Vietnam Vet Has a Lesson in Survival Mindset From the Battlefield

I believe in interviewing people when I know they’ve been in situations that are unusual, and unlikely to happen again and they’ve come out on the other side. My beloved late friend Swan, the medic in Vietnam, was someone who took in misfits, random women from diverse backgrounds, like me. Among the women. But as for his male friends, they were all veterans, usually black, but not always. Hawaii has one of the smallest permanent black populations in the U. S. And many of them are veterans. We took Hawaii for its military value and the military had a strong presence here. When I went to Swan’s I had a chance to ask guys who had been in combat and survived, what their mindset had been. One person said, “You’d be walking along in the jungle, and all of a sudden the guy next to you would drop straight down. Shot dead. Out of nowhere. You had to say, ‘it’s not going to be me.’ I heard this joke about guys waiting to board a plane. Two guys are standing in line in front of another guy. The two guys start talking about what would happen if the plane went down. Who’d give the wives a message? The third guy jumped in and said, ‘i’ll survive. I can take your wives the messages. They’ll be single so I will definitely do it.’ That’s the mindset you have to have. ‘Not me. Never me.’”

COVID-19 Survival mentality

That’s one way to survive. Measured disassociation from reality. Don’t require logical evidence. In fact, make an assumption that flies in the face of logic. Of course, take all necessary precautions. We are in a pandemic and they’re opening economies so I guess things are getting better. We shall see. Do what you can to take limited control. And while you do so maintain the absolute belief in your invulnerability. As you don your mask and maintain social distance, believe in your health. You are fine, always will be. You have to think something. Might as well think that.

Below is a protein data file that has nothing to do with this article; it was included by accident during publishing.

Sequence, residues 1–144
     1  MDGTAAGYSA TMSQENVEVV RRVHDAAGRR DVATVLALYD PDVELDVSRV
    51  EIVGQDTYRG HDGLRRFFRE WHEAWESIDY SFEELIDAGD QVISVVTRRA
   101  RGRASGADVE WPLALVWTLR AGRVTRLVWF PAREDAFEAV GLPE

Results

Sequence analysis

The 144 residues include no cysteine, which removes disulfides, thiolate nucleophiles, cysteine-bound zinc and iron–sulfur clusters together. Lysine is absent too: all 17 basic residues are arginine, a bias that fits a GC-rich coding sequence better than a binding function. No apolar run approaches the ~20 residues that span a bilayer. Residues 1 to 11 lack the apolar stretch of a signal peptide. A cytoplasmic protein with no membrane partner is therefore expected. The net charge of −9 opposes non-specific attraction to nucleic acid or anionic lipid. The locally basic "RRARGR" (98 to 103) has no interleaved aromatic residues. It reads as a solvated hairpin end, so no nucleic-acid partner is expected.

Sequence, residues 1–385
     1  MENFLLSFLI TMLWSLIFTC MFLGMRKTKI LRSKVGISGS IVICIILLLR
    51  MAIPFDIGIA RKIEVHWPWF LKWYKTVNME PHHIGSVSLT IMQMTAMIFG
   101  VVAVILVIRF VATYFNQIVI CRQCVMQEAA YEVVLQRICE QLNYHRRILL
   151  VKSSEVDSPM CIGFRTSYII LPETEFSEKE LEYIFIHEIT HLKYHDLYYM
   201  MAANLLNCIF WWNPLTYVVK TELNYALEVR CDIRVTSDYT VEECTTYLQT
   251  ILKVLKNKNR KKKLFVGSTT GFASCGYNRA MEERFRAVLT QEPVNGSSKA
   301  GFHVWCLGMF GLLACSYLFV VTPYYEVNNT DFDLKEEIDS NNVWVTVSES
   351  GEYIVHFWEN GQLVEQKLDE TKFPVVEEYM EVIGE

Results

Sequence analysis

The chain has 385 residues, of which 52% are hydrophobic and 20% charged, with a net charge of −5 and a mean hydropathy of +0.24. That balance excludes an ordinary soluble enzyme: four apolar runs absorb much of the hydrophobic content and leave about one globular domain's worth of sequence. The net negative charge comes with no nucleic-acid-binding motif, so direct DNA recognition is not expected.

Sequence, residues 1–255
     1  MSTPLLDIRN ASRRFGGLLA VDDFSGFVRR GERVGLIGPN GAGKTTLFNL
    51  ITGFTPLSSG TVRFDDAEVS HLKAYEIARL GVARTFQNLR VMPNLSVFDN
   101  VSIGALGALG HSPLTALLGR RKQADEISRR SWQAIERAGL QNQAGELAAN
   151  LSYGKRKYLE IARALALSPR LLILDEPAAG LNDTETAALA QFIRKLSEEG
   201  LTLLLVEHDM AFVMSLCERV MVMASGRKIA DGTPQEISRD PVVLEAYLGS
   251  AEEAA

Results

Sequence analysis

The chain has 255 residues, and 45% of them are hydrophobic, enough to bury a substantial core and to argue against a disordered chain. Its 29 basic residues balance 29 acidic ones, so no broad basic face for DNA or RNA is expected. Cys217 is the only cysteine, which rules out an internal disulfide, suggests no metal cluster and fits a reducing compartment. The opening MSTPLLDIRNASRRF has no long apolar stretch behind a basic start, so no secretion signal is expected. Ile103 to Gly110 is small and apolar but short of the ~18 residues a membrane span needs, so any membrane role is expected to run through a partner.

5 responses to “Vietnam Vet Has a Lesson in Survival Mindset From the Battlefield”

  1. The “best” perspective is the one that doesn’t get you killed and allows you to live with yourself if you survive. It’s possible to disagree with how the veterans who faced death coped, but that’s what they told you, and I appreciate that you listened. I never was in the war zone, but we coped with everything by making practical decisions based on the parameters of the situation, and constant vulgar and inappropriate joking.


    • It never occurred to me that listening helped others. Maybe that’s when you can truly help, when you’re not trying to be a good Samaritan but you’re being your natural self.


  2. I will disagree with this. A disassociation from reality, be it measured or otherwise, does not lend to a clear assessment of the hazards of the world. Ignoring potential dangers does in no way protect us from it. Ignoring our strengths or our weaknesses does not create an effective defense or offense. Weakness in ourselves must be acknowledged, be it physical or mental, before mitigating measures can occur.

    Bravado is good in front of the boys but I’d rather have someone on my six who acknowledges danger as well as its potential and can react appropriately.


    • I suppose I should clarify. When you take all precautions and l[k at the situation you have to be thinking something and it could be embracing your invulnerability to the real dangers. You could always think this could be my fate but why?

      Liked by 1 person

      • We all have different responses that are unique. Personally I try not to have all or nothing outlooks. It’s not in my make up to have a false sense of invulnerability nor to roll over and lament fate. I will always try my best and that needs clear perception. Dynamic responses require real time accurate data. My best may not be good enough but I will give my 100%.


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